Belmont champion Tiz the Law sets off on ambitious schedule
Tiz the Law has been good and lucky, two ingredients essential to success in horse racing.
He's been dominant, too.
He raced to a 3 3/4-length victory Saturday in the Belmont Stakes to open the rescheduled Triple Crown. His five wins in six career starts have been by an average margin of 19 1/4 lengths. His only loss came at Churchill Downs in the Kentucky Jockey Club Stakes last year, when he finished third on a sloppy track.
In 11 weeks, he'll get a chance to avenge that defeat over the same track in the Kentucky Derby.
Tiz the Law has an ambitious summer and fall campaign ahead of him if all goes according to plan.
Next up is the Travers on Aug. 8 at Saratoga, where Tiz the Law would be competing on his home turf in upstate New York. It's where he won for the first time last August. As the first New York-bred Belmont winner since 1882, his following only figures to get bigger. However, it remains to be seen whether fans will be allowed to attend at any point in the Saratoga meet, which opens July 16.
"I've never won the Travers and I want to win it," trainer Barclay Tagg said.
Then comes the Kentucky Derby on Sept. 5 and the Preakness on Oct. 3 — no word yet on spectators at either race — to close out the Triple Crown. The bay colt would finish the year in the Breeders' Cup Classic at Keeneland on Nov. 7.
Jack Knowlton of Sackatoga Stable — comprised of 34 partners who paid $110,000 for Tiz the Law — hasn't been able to cheer his colt in person since Feb. 1 at Gulfstream in Florida. He watched Tiz the Law win the Florida Derby on March 28 from his condo near the track and the Belmont at a restaurant in Saratoga Springs. The colt has earned over $1.5 million.
"I keep telling everybody Barclay doesn't get a lot of big horses and big opportunities," Knowlton said about his trainer of 25 years, "but when he gets them he knows what to do."
Keeping Tiz the Law healthy and happy is key and becomes even more of a challenge with this year's extended Triple Crown schedule. Instead of three races over five weeks, the coronavirus pandemic has forced the series to be run out of order over 15 weeks.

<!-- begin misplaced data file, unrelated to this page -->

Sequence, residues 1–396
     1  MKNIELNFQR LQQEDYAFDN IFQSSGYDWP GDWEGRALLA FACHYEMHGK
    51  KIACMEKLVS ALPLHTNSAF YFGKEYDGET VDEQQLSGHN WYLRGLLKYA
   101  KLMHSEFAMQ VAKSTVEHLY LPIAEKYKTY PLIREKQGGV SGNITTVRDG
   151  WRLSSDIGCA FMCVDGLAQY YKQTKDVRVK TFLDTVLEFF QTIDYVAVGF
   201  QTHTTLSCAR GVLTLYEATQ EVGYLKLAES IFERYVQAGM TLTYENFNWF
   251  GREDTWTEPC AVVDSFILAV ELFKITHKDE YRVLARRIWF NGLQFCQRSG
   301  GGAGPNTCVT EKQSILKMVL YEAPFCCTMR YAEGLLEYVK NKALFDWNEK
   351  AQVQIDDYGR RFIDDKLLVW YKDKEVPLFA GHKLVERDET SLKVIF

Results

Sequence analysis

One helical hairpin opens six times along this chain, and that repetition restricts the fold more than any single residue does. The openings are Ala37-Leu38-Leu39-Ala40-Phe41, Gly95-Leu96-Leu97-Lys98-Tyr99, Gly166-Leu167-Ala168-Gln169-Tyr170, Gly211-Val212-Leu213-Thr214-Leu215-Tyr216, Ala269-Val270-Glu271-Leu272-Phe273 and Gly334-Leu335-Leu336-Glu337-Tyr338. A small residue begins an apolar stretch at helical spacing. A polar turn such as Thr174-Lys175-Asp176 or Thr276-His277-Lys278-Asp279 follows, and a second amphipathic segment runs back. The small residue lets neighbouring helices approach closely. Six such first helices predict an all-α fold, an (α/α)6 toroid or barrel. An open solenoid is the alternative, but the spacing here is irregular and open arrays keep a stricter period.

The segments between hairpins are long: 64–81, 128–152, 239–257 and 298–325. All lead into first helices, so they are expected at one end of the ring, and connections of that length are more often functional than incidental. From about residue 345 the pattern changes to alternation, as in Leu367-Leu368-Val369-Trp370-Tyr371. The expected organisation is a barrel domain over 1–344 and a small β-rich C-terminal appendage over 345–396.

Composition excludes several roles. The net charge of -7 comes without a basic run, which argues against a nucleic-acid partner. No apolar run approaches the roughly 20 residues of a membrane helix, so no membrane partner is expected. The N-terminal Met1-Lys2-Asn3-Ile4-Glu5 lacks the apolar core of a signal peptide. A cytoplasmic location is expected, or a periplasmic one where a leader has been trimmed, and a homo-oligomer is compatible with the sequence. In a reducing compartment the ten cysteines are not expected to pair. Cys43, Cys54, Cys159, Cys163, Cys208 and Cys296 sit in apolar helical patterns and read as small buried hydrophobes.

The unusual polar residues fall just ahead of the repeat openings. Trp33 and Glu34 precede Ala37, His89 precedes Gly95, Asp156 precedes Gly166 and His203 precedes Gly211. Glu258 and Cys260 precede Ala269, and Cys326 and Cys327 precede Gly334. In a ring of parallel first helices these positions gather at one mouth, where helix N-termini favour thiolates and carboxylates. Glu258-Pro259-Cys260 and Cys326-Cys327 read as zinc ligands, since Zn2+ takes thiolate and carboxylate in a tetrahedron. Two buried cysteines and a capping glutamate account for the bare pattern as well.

Instead of running in the Derby five weeks after his Florida Derby victory, Tiz the Law had to wait 12 weeks for the Belmont to open the Triple Crown series. Now, the colt is facing 11 weeks between the Belmont and the Derby, with the Travers as his only race in between. That's a long time to train and avoid injury and illness.
In 2003, Funny Cide got sick after losing the Haskell Invitational and didn't compete in the Travers. Tagg and Sackatoga Stable teamed up that year to win the Kentucky Derby and Preakness with Funny Cide — a gelding that cost $75,000 — before his Triple Crown hopes were dashed with a third-place finish in the Belmont.
"You have to pay attention to your horse. He tells you whether it's too much or too little," Tagg said. "He tells you all that stuff if you pay attention to it. You have to show up every day. You have to see if he eats every day and if he eats every night."
Tagg is always a man with a plan. The 82-year-old trainer gets on a pony to accompany each of his horses to the track in the mornings. He's at the barn in the evenings, too, making sure each one empties their feed tub. Anyone that doesn't is often a sign that something isn't right.
Tiz the Law's immediate schedule after a major race involves walking around the barn for a few days before jogging on the track, then galloping, followed by a workout at a moderate speed. It's a tricky balance of not going too fast or too slow but just right.
Injuries have already decimated the 3-year-old ranks. Charlatan and Nadal, trainer Bob Baffert's undefeated duo that each won a division of the Arkansas Derby, are out. Charlatan could return in time for the Preakness; Nadal was retired. Louisiana Derby winner Wells Bayou won't make the Derby. Maxfield is out until next year.
Tiz the Law is atop the leaderboard that determines the 20-horse Kentucky Derby field with 272 points. Honor A.P., in second with 120, skipped the Belmont because it came just two weeks after he won the Santa Anita Derby. Authentic, second in the Santa Anita Derby, is third on the leaderboard.